Apply by completing the Postgraduate research application form including:
  • A substantial outline of your proposed research (see below).
  • 2 written references
  • Photocopies of your first and Masters degree certificates and a transcript of your grades
  • Evidence of an approved English language qualification (if required)
Your application and proposal will be reviewed by the School’s Research Committee - you will then be notified of the outcome.


The Research Proposal (8-12 pages)

You are required to:

(Please note that if you are applying for the following programmes you are only required to submit a research proposal outline:  
Research - Applied Linguistics by distance learning  
Research - Languages and Translation Studies by distance learning)  

  1. Outline an area of (possibly cross-disciplinary) study and demonstrate a familiarity with that area in bibliographical terms 
  2. Specify a focus for research which may be expressed in various forms, e.g. hypothesis, question and problem. You must provide details of:  
  • Your understanding of the subject at an appropriate level and highlight the scope for doctoral research
  • Your expected outcome (e.g. descriptive, explanatory, pedagogic) 
  • Which field the research will contribute to
3. Demonstrate an awareness of an appropriate research tradition (or paradigm) which will provide a focus for your project
4. Show a basic understanding of at least one appropriate theoretical model that will be used to analyse data for your study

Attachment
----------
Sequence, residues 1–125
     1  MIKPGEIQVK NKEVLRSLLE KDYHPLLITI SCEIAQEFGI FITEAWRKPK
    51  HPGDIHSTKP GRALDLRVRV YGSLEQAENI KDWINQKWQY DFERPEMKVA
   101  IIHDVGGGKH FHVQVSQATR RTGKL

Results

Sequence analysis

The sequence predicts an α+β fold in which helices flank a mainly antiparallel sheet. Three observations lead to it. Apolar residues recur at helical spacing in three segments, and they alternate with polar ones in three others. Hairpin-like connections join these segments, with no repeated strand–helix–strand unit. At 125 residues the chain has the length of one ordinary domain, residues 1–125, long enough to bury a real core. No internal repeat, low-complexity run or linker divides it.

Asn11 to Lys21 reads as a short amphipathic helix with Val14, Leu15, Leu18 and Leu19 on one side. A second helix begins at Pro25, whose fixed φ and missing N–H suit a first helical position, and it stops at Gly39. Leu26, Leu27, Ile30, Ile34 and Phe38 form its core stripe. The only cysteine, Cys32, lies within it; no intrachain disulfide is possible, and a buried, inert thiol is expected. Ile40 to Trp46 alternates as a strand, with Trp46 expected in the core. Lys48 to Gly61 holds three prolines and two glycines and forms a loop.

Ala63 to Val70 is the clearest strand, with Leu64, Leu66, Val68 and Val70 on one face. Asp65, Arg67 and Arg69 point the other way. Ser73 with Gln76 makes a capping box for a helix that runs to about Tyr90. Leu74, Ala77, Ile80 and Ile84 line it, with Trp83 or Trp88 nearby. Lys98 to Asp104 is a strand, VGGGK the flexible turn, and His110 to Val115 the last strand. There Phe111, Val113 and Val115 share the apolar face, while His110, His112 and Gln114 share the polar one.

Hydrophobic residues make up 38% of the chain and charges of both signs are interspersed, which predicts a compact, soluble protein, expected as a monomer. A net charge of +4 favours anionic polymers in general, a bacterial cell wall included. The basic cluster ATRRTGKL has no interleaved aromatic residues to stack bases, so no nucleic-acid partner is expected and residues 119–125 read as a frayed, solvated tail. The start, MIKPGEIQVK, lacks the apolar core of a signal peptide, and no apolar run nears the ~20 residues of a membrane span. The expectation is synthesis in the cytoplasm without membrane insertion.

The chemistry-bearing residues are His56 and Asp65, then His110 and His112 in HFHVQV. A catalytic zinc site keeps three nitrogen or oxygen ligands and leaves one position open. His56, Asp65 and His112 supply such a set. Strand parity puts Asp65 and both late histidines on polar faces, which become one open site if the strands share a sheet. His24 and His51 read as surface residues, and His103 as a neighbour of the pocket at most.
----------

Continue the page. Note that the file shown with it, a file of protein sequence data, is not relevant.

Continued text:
5. Draft a plan (in line with 3 and 4 above) of how the research will be carried out over the time allowed.

Organisation of the Proposal:

  • Title 
    Identify the precise topic and  indicate the approach you plan to take, if possible. 
  • Introduction 
    This should identify the relevant research area, show why the research is worth doing and indicate what you hope to achieve.
  • Aims and Objectives 
    This expands on the first of the above topics.  In this section you should clearly set out the aim of your research, providing you with an opportunity to develop your research question and hypothesis and specify the intended outcomes.  This should be done with reference to relevant literature.  Where appropriate, there should also be reference to your individual and institutional situation in which you intend to carry out the research.
  • Orientation to Previous Research 
    This builds on the previous section and sets your work more explicitly in the context of previous work and wider issues. You should set out a justification for your own research in the context of other studies, showing how it builds on and/or orientates to these.  The section should demonstrate to the reader that you have familiarised yourself with the subject and are acquainted with current debates related to it. 
  • Data 
    This section should indicate on which data the research is planned to be carried out.
  • Methodology 
    In this section you will need to provide a justification for your methodological approach and you should expect to include the following:
    • A statement of the paradigm and tradition(s) within which you will work, a description of the data collection and procedures to be used, including work to be done in archives and a justification for these (showing why alternatives were rejected)
    • A consideration of practical issues (e.g. permissions, gaining entry, ethics) showing that data collection is possible
    • The analytical approach that you plan to adopt.
  • Timetable 
    Present a realistic timetable for the research, including research visits abroad, corresponding to the time available for the project (usually three years for a full-time and 4-6 years for  a part-time PhD, including writing-up).
  • References 
    All references to academic works should be presented consistently, in a standard format.

Dan Thomson, LSS Research Manager

Employable Graduates; Exploitable Research